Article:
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A Real Treat - Full Review
on October 19, 2012
As an avid consumer of technology and gadgets, I like trying newly released products. Some products such as modern smartphones are ostensible technical marvels. Others, like the Micca Speck in this review, are unassuming but warrant a closer look to see how well they perform. I've owned several different digital media players, built HTPCs with XBMC, and setup UPnP servers, so this product is familiar territory to me.
This is a very small media player, narrower and only slightly thicker than a pad of post-it sticky notes, and about as heavy. The case is made of matte black aluminum with plastic end caps. The front of the player contains a USB jack and a SD card reader slot, and the back holds the power jack, HDMI, and a 3.5mm AV jack. In all, the Speck is a simple looking player with just the essentials.
I used the Speck with my secondary TV, a 42-inch Panasonic 1080p plasma HDTV. An HDMI cable is not included with the player so I had to use my own. After plugging in the power, the main menu came up quickly after a delay of about 2 seconds, which is practically instant since modern TVs take longer than that to turn on. The default video output is 720p but the player can be set to remember to use 1080p instead. Speaking of settings, there are just a few of them in the player's setup menu for configuring the player's video, audio, and general behavior. While some may wish for more settings, I felt that the Speck's simplified configuration is ideal for its targeted casual users.
The player's menu system is reasonably intuitive and straightforward to use. Anyone who can browse for files and folders should feel immediately comfortable with it as I was. After selecting a media type from the main menu, the user can then go find what they want to play from an attached USB drive. Only media files of the selected type will be shown, so for example if you have a movie, its cover art JPG, the sound track MP3s, and a couple of subtitle files in the same folder, only the movie file will be listed, making it easier to find and play. In summary, the Speck's interface is a bit sparse, but is simple to use and is responsive without any perceived lag.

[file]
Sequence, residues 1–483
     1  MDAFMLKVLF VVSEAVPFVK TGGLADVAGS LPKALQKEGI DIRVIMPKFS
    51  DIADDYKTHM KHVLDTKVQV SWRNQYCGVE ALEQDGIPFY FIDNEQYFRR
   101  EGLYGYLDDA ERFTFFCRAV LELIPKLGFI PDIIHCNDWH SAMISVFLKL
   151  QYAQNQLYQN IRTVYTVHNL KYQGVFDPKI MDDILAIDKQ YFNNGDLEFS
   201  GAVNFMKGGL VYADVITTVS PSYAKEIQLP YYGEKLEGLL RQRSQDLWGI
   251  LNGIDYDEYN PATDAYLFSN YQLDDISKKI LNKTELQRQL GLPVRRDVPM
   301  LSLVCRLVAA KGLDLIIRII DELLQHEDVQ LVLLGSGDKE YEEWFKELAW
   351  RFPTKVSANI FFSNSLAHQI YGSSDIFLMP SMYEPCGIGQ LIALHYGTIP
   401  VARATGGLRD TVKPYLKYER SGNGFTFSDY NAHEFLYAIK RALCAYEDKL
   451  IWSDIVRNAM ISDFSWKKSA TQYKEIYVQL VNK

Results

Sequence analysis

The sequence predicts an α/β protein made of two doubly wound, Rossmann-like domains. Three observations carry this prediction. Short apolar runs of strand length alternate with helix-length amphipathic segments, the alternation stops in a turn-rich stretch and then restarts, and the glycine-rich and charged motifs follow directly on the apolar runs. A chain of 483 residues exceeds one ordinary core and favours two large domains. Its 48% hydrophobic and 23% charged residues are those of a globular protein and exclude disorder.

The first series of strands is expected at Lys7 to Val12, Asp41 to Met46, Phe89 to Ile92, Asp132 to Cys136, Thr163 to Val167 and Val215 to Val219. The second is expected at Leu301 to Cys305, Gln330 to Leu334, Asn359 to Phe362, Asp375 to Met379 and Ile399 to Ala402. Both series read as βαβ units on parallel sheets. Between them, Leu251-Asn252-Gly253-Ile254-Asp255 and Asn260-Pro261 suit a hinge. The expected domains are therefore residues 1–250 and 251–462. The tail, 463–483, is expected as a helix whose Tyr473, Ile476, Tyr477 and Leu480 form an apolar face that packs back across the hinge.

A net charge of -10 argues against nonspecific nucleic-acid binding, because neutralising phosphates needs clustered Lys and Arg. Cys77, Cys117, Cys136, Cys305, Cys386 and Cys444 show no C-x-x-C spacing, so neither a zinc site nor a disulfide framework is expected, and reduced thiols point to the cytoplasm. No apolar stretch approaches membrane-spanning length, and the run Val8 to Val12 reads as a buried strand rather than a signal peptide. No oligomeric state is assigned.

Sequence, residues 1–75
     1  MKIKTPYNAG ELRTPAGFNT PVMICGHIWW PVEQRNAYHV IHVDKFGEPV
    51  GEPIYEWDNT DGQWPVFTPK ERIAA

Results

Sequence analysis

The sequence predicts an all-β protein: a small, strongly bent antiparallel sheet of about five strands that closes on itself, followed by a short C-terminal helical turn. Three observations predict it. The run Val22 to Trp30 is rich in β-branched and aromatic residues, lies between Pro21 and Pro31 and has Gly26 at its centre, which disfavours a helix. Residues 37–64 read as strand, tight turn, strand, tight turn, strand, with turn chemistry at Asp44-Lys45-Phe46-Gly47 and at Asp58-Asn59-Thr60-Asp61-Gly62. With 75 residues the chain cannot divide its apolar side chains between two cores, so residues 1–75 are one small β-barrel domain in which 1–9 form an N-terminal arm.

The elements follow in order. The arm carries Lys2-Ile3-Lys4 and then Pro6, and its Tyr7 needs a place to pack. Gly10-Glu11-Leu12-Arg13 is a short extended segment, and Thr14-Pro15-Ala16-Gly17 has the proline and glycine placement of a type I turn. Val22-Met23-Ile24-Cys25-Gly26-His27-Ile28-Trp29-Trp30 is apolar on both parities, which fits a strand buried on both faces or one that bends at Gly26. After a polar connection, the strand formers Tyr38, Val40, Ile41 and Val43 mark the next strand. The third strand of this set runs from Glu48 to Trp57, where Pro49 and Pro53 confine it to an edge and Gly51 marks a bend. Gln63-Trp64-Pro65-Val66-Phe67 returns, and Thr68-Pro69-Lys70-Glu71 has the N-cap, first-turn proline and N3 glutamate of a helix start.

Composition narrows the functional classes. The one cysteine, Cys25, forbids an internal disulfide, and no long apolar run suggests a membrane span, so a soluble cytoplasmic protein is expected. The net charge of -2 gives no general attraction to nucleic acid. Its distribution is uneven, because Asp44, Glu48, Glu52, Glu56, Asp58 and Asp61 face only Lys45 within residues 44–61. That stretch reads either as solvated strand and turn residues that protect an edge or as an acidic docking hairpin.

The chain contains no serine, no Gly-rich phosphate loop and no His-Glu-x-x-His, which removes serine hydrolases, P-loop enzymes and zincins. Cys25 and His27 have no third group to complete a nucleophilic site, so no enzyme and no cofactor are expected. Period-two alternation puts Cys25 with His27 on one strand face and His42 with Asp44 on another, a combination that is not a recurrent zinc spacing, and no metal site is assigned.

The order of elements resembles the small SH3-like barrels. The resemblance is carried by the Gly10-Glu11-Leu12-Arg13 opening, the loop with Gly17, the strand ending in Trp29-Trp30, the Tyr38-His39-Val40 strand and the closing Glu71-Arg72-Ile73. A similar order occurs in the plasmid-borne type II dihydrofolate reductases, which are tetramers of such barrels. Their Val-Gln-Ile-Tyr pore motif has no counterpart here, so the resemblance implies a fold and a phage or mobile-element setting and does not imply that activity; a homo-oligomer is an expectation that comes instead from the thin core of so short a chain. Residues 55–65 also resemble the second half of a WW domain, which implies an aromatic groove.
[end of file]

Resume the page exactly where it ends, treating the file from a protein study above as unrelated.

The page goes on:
The Speck supports both USB and SD cards. I tried a variety of older USB thumb drives, SD cards of various sizes, as well as a recently purchased 1TB USB 3.0 hard drive. I did not encounter any issues with the drives. According to the manual, drives up to 2TB can be used. This means I can literally have my entire media library on a portable hard drive and play it using the Speck.
The biggest question for any digital media player is how well it plays videos. I don't have every single video format claimed to be supported by the Speck in my media collection, but I ran through all of the most popular formats such as MKV, MP4, AVI, MOV, ranging from standard definition TV shows to 1080p full movies. The player exhibited no issues with MKV, including newer files with compressed headers. Both internal and external subtitles were supported. The largest MKV file I tried was about 20GB, which played with no visible skips, freezes, lags, or dropped frames. All surround sound formats were supported but output was stereo only. Support for MP4 and AVI files was also good, though these were mostly older files with legacy codecs. I tried a few full BD ISO files and to my surprise they played, but with severe frame dropping at 1080p. Lowering the player's output to 720p made the BD ISOs play smoothly. This is the equivalent of using a knife to chop firewood, so I don't fault the Speck for not playing BD ISOs smoothly at 1080p.
Visually, the video playback has all of the sharpness of 1080p, with excellent colors that are accurate and well saturated. The screen shots provided in the manufacturer's product photos accurately portray this so take a look at those if you wonder what the image quality will be like. Some of the dark scenes show gradient bands, but I've seen this in more expensive players as well. I don't know if the video compression itself is more to blame, than the player's decoder. In consideration of its low price, however, the Speck's video output can only be described as spectacular (no pun intended).
Apart from playing videos, the Speck also plays music and photo slideshows. I gave a cursory try-out of these features and found them to be acceptable given that the player's primary purpose is to play videos. Lack of features such as play lists or random shuffling the entire music library limits the usefulness of these secondary capabilities.
Taking in the Micca Speck as a whole, what it does very well is delivering the type of "it just works" usage experience to casual users. It provides the convenience of being simple to use, while packing surprisingly powerful video playback hardware. The simplified interface with limited settings encourages even advanced users to just sit back and enjoy the show. If such a media player fits with what you are looking for, I recommend that you too take a close look at the Micca Speck.